Take its supply chain – while Apple has a very progressive code of conduct, it also, as the New York Times reported, allows suppliers only the slimmest of profits, which often results in suppliers trying to cut corners, replacing expensive chemicals with less costly alternatives, or pushing their employees to work faster and longer. As Apple could see in the case of Foxconn, this approach can work for some time, but not for the long run. If Apple will start thinking about people and the planet as seriously as it thinks about profits, it might even find out that in the long run there’s no contradiction between these elements.

3. No CSR leadership or team – Unless you’re a company with a CEO devoted to CSR or an established CSR culture, you can’t really do CSR right without a dedicated CSR team. As Andrew Winston put it: “You need people to ride herd and drive the agenda — to do the cross-cutting analyses such as lifecycle assessments, to track and get a handle on the many diverse and complex issues, to present a unified front to employees and external stakeholders, to question business models and find new, heretical ways to operate and serve customers…the list goes on.”

4. Low level of transparency – While it is providing more information than many of its competitors (Amazon for example), Apple’s transparency is still far from being satisfactory. The company does not release a sustainability report, does not reply to the CDP surveys and, until recently, it also didn’t disclose the name of its suppliers or allow a third party to audit the working conditions in its supply chain. It’s time for Apple to stop being so hush-hush and start being more open about the way it does business.

5. Dated approach – Apple still doesn’t have a holistic approach when it comes to sustainability. You can easily see it on its website where there’s a separate page for environment, dedicated mainly to its footprint and a separate page for supplier responsibility, which is focusing on Apple’s supply chain. The division between social and environmental impacts is really out of date and even oil companies like Chevron now have a CSR page. All Apple has to do is to address its CSR approach just like an iPhone or iPad and remember to update it on regular basis.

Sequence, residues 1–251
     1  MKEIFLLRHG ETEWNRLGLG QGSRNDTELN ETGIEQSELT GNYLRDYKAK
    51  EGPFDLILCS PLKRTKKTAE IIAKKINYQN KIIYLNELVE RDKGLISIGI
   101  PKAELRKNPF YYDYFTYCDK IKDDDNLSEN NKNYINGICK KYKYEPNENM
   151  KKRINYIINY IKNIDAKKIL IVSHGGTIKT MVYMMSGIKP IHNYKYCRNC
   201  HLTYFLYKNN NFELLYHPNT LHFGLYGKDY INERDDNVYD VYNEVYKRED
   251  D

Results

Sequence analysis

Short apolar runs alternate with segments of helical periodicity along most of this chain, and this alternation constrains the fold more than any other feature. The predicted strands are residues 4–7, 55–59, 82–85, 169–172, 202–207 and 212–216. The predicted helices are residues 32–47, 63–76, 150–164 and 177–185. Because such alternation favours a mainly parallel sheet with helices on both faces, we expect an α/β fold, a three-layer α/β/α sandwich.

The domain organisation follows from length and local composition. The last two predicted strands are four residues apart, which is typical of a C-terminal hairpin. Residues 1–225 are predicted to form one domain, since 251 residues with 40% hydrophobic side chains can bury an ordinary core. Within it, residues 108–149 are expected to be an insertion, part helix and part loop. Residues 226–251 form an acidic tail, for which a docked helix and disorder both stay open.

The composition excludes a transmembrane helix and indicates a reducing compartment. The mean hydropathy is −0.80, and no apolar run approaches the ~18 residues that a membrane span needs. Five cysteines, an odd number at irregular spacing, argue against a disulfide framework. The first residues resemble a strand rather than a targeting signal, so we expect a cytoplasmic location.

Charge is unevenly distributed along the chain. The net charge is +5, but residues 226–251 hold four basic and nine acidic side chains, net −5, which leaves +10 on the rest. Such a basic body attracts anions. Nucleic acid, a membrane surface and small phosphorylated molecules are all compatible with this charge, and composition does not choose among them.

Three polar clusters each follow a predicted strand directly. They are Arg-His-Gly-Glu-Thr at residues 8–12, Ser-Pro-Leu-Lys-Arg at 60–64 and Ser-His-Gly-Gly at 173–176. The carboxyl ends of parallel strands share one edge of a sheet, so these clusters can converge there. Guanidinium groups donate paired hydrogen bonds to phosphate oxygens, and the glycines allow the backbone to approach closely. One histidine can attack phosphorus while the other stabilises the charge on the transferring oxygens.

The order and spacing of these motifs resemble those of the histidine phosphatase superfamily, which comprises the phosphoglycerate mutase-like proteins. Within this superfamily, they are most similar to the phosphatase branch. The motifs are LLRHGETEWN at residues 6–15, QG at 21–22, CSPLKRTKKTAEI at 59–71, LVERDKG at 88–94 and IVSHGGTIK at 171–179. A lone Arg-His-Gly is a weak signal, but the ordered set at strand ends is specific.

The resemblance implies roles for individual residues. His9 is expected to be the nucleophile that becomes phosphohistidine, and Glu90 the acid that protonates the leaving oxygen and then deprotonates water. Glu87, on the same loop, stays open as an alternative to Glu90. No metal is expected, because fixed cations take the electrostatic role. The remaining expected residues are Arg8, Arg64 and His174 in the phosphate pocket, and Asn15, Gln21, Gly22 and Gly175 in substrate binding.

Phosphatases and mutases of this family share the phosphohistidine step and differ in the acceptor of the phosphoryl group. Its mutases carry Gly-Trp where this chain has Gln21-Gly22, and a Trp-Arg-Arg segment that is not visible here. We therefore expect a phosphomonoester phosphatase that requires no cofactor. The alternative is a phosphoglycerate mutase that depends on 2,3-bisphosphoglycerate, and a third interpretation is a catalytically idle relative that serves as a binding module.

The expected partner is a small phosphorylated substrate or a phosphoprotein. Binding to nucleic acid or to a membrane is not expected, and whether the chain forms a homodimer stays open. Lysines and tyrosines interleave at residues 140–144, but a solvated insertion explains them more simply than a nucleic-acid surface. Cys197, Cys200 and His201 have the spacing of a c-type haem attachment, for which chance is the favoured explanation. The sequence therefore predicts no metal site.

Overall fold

Raz Godelnik is the co-founder of Eco-Libris, a green company working to green up the book industry in the digital age. He is an adjunct faculty at the University of Delaware’s Department of Business Administration, CUNY and the New School, teaching courses in green business and new product development.

Raz Godelnik

Raz Godelnik is an Assistant Professor of Strategic Design and Management at Parsons The New School for Design. His research interests include the convergence of innovation, sustainability, business and design strategies, as welll as the sharing economy, open innovation and sustainable business models. Currently he is involved in projects focusing on the impact of the sharing economy on traditional business, the relationship between sharing economy and resilience, design intelligence, and whether Millennials can integrate sustainability into their lifestyle.Raz is the co-founder of two green startups (Hemper Jeans and Eco-Libris) and a contributor writer to Triple Pundit.